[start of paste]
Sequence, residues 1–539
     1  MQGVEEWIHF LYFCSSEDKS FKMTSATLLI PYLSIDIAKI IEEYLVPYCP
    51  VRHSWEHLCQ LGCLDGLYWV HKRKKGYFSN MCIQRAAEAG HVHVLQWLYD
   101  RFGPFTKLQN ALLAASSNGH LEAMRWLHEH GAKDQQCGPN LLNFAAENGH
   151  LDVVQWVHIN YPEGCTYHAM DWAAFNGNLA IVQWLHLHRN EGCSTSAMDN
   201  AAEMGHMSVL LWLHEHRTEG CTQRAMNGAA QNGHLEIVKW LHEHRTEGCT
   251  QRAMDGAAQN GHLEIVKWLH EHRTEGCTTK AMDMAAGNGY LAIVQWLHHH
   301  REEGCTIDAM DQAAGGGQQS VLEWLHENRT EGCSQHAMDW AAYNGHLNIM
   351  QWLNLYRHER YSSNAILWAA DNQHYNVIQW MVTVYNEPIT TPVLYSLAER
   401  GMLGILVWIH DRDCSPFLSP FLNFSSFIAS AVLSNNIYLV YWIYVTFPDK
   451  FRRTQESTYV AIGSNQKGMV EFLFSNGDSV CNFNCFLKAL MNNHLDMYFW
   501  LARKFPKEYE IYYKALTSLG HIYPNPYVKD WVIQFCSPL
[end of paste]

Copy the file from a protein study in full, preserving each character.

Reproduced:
Sequence, residues 1–539
     1  MQGVEEWIHF LYFCSSEDKS FKMTSATLLI PYLSIDIAKI IEEYLVPYCP
    51  VRHSWEHLCQ LGCLDGLYWV HKRKKGYFSN MCIQRAAEAG HVHVLQWLYD
   101  RFGPFTKLQN ALLAASSNGH LEAMRWLHEH GAKDQQCGPN LLNFAAENGH
   151  LDVVQWVHIN YPEGCTYHAM DWAAFNGNLA IVQWLHLHRN EGCSTSAMDN
   201  AAEMGHMSVL LWLHEHRTEG CTQRAMNGAA QNGHLEIVKW LHEHRTEGCT
   251  QRAMDGAAQN GHLEIVKWLH EHRTEGCTTK AMDMAAGNGY LAIVQWLHHH
   301  REEGCTIDAM DQAAGGGQQS VLEWLHENRT EGCSQHAMDW AAYNGHLNIM
   351  QWLNLYRHER YSSNAILWAA DNQHYNVIQW MVTVYNEPIT TPVLYSLAER
   401  GMLGILVWIH DRDCSPFLSP FLNFSSFIAS AVLSNNIYLV YWIYVTFPDK
   451  FRRTQESTYV AIGSNQKGMV EFLFSNGDSV CNFNCFLKAL MNNHLDMYFW
   501  LARKFPKEYE IYYKALTSLG HIYPNPYVKD WVIQFCSPL